What Labor Contractions Really Feel Like


Anyone who’s about to become a mom will always wonder what life would be like when you have to parent a human being. But before all that, one has to wonder how it feels to give birth and of course, what labor contractions really feel like.

If you’re dreading your due date because a lot of your mom friends have awful stories about childbirth, then I understand and you probably have all the right to be scared. That’s because most of those stories are true, particularly about labor contractions. It’s been more than three years since we welcomed our boy but the memory of the physical pain I felt the day I gave birth is still, somehow, fresh.

First-time moms should have an idea of what labor conrtactions really feel like.

When I got pregnant, people within my social circle had recently given birth so I had someone to ask all about pregnancy, breastfeeding, horrible nausea and what labor contractions really feel like. I got the same answer from most moms I asked – contractions felt like menstrual cramps – only 10x worse.

The first time I heard that answer, I froze.

I experience menstrual cramps every month (or every other month — I’m an irregular bleeder) but even then, I’ve never really gotten used to the pain and it’s something I will probably never stop hating. I wasn’t prepared to learn that I’ll be experiencing 10x worse the pain.

To prepare you mentally for the big day, here are things you need to know about your contractions.

First Stage of Labor

The American Pregnancy Association states childbirth involves three stages, in which the phases of labor is one, along with cervical dilation to 10 cm until delivery, and the delivery of the placenta. An expectant mom will go through different phases of labor and with each phase, you’ll feel different levels of pain. I will focus more on the first stage of labor since it is what most moms dread – labor contractions!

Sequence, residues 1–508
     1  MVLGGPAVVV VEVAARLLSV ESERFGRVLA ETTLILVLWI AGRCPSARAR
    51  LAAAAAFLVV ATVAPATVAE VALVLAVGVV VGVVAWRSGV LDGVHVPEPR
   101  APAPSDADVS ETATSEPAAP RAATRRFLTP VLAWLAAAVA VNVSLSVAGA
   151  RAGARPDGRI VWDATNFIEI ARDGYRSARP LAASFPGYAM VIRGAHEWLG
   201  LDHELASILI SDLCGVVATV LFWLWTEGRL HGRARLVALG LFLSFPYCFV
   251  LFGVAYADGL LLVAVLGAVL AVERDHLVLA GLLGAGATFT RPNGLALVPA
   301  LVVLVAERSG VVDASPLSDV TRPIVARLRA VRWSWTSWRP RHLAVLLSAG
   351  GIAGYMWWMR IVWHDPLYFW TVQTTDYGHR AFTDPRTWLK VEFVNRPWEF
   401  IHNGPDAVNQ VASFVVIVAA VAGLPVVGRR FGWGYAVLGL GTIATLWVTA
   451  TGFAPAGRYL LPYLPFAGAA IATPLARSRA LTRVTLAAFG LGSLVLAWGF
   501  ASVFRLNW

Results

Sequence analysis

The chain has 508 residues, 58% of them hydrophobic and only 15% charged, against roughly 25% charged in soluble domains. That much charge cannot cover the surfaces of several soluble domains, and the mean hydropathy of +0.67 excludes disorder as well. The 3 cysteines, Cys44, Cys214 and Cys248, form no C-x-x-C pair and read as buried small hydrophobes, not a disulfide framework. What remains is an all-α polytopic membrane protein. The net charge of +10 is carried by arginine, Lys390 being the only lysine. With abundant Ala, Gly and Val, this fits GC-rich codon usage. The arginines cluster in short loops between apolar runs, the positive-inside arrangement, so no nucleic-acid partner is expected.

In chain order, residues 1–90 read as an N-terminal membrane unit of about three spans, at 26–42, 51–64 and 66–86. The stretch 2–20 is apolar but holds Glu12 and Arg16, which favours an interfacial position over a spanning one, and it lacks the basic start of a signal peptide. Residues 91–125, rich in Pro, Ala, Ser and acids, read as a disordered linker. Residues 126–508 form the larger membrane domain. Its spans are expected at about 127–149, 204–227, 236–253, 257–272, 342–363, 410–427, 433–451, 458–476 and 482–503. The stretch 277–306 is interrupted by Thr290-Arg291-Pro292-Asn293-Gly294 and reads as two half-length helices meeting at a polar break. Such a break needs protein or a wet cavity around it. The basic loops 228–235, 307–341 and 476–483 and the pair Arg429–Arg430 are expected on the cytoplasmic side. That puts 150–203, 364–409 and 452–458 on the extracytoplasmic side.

1. Early Labor Phase

-no need to panic and rush to the hospital

-cervix is dilated to 3cm.

-characterized by mild contractions

– depending on your pain threshold, you may feel nothing to a slight aching on your lower back and tightening in the pelvic area. I didn’t know that I was already in labor at that time. I really felt nothing.

2. Active Labor Phase

– time to go to the hospital

– contractions are longer and stronger and close together

– cervix is dilated between 4cm-7cm

– depending on your threshold, you can feel nothing to unbearable pain. I started feeling it at 7 cm.

3. Transition phase

This is said to be the most challenging of all labor phases (a.k.a all hell breaks loose phase) but it will be over real soon.

– cervix is dilated between 8cm to 10 cm.

– you will need all the support you can get. Unfortunately for me, there was none. We weren’t allowed to have someone with us in the labor room, which sucks really.

– if you feel like taking a dump, tell your healthcare provider.

What to Expect When Labor Contractions Start

  1. Labor contractions really feel like menstrual cramps or tightening around the lower abdominal area. It starts out as a low-level pain that gradually progresses into an intense and excruciating pain.

2. Your world will spin because you will not understand the pain that comes with contractions. I felt hot and irritable and out of breath.

3. Intense pain will be felt in the lower abdomen and in the back.

4. The pain can get more intense, it will radiate to your legs, particularly the upper thighs.

5.  You might also feel Braxton Hicks contractions or false contractions in the middle of your pregnancy. They can begin as early as the second trimester. It’s characterized by an uncomfortable tightening in the abdomen.

Some Tips To Prepare Yourself For the Labor Pains

There’s no way to sugarcoat what labor contractions really feel like. But what you can do is prepare and tell yourself it’s going to be painful – extremely, unbearably painful. To mentally condition yourself, research all about childbirth, read horror stories from moms – I know that worked for me. If you have anxiety, read positive stories instead and read positive experiences from other people. Doing your research by reading books about pregnancy can also help you prepare for childbirth.

A support person can greatly help you during the stressful phases of labor. Prepare together and when it’s time, focus on that person for utter support. Practice your breathing and relaxation techniques. They can come in very handy.

I didn’t do much, I didn’t have a support person with me and I didn’t know how to practice breathing (lol) but I managed. I only had the company of Ransom Riggs’ book the whole time. What really helped was educating myself about what is expected to happen and what could possibly happen, whether good or bad.

You can do this! You’re designed to be awesome. You’ll be fine.

Note: This article is not meant to be a substitute for medical advice. Contact your healthcare provider if you’re not sure if you’re in real labor.